Cecily Morrison is a member of Human Experience & Design (HXD) research group at Microsoft Research Cambridge. She is interested in developing novel ways for people to increase their health and well-being using digital and sensing technologies. Her expertise lies in using techniques from both human-computer interaction and clinical medicine to carry out research that spans from idea conception to implementation.
ASSESS MS is a system to support the clinical assessment of Multiple Sclerosis using depth-sensing computer vision. It aims to provide a more consistent quantified measure of motor ability than currently possible with paper and pencil tools. The system was specifically designed to work within a clinical setting addressing issues from data capture to data visualization. The project is a collaboration with Novartis Pharmaceutical, 3 hospital clinics, and the Machine Learning and Perception Research Group.
Translating Digital Technologies into Practice
A large translation gap has been highlighted between University research and its embedding in clinical practice. Under the guise of the CLAHRC: Collaborations and Leadership in Applied Health Research and Care, I worked directly with health professionals to conceptualize ways current digital technologies could support care practices. Projects spanned concepting tools to engage at-risk youth in family therapy to the clinical evaluation of a novel online intervention for mental health symptoms.
Clinical Information Systems in Practice
There has been substantial policy push to get clinical information systems into practice with the hope that they will reduce medical errors and decrease the cost of care. My research focused on how we can design clinical information systems to fit the situational use of data in clinical settings. Studies covered topics from collaborative use of clinical information systems during ward rounds to the extraction of meaningful data for research.
Morrison C, Huckvale K, Corish B, et al. (in press) Computer Vision for Clinical Assessment: Designing a machine-learning-based system for use in the real world. Human-Computer Interaction.
Huckvale K. Morrison C. Ouyang J. Ghadgha A. & Car J. (in press) The evolution of mobile apps for asthma: an updated systematic assessment of content and tools. BMC Medicine
Morrison C, Culmer P, Mentis H, & Pincus T. (2014). Vision-based body tracking: turning Kinect into a clinical tool. Disability and Rehabilitation: Assistive Technology, (0), 1-5.
Morrison C, Smyth N, Corish R, O’Hara K, Sellen A. 2014. Collaborating with Computer Vision Systems: An Exploration of Audio Feedback. In Proceedings of Design Interactive Systems (DIS’14).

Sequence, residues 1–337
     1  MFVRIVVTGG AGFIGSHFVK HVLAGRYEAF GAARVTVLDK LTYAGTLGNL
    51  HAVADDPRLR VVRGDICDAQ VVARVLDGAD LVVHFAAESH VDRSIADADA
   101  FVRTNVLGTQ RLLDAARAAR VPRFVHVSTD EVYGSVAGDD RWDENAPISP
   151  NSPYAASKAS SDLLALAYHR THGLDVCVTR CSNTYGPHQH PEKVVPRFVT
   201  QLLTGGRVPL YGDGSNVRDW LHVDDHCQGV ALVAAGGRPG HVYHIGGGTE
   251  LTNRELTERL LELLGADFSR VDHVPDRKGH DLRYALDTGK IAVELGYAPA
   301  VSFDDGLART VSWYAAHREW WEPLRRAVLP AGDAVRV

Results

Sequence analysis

Kontschieder P, Dorn J, Morrison C, et al. 2014. Quantifying Progression of Multiple Sclerosis via Classification of Depth Videos. In Proceedings of MICCAI’14.
Morrison C, Corish R, Sellen A. 2014. Place-onas: shared resource for designing body tracking applications. In Proceedings of CHI EA ’14, 1861–1866.
Morrison C. & Doherty G. 2014. Analyzing Engagement in a Web-Based Intervention Platform Through Visualizing Log-Data. Journal of Medical Internet Research 16, 11, e252.
Morrison C. Walker G, Ruggeri K, & Hacker Hughes J. 2014. An implementation pilot of the MindBalance web-based intervention for depression in three IAPT services. The Cognitive Behaviour Therapist 7: e15.
Jun GT, Morrison C, Clarkson PJ. 2014. Articulating current service development practices: a qualitative analysis of eleven mental health projects. BMC Health Services Research 14, 1, 20.
Hempe E, Morrison C, Holland T. 2013. Exploring the boundary of a specialist service for adults with intellectual disabilities using a Delphi study: a quantification of stakeholder participation. Health Expectations.
Morrison C, Dearden A. 2013. Beyond tokenistic participation: using representational artefacts to enable meaningful public participation in health service design. Health Policy, 112(3), 179-186.
Morrison C, Jones M, Jones R, Vuylsteke A. 2013. “You can't just hit a button’: An ethnographic study of strategies to repurpose data from advanced clinical information systems for clinical process improvement. BMC Medicine, 11(1), 103.
Huckvale K, Car M, Morrison C, Car J. 2012. Apps for asthma self-management: a systematic assessment of content and tools. BMC Medicine 10, 144.
Case T, Morrison C, Vuylsteke A. 2012. The clinical application of mobile technology to disaster medicine. Prehospital and Disaster Medicine, 27:5, pp. 473-480.
Morrison C, Fitzpatrick G, Blackwell A. 2011. Multi-disciplinary collaboration during ward rounds: embodied aspects of electronic medical record usage. International Journal of Medical Informatics, 80(8):e96-e111.
Morrison C, Blackwell A, Vuylsteke A. 2010. Practitioner-customizable clinical information systems: A case study to ground further research and development opportunities. Journal of Healthcare Engineering 1, no. 3: 297-313.
Morrison C, Blackwell A. 2009. Hospital user research using new media arts. In Proceedings of British HCI, 345-353.
Shazia A, Morrison C, Robinson P. 2009. Intentional affect: an alternative notion of affective interaction with a machine. In Proceedings of British HCI, 370-374.
Morrison C, Jones M, Blackwell A, Vuylsteke A. 2008. Electronic patient record use during ward rounds: a qualitative study of interaction between medical staff. Critical Care 12, no. 6: R148.
Morrison C, Blackwell A. 2008. Co-located group interaction design. In CHI '08 extended abstracts on Human factors in computing systems, 2587-2590. Florence, Italy: ACM.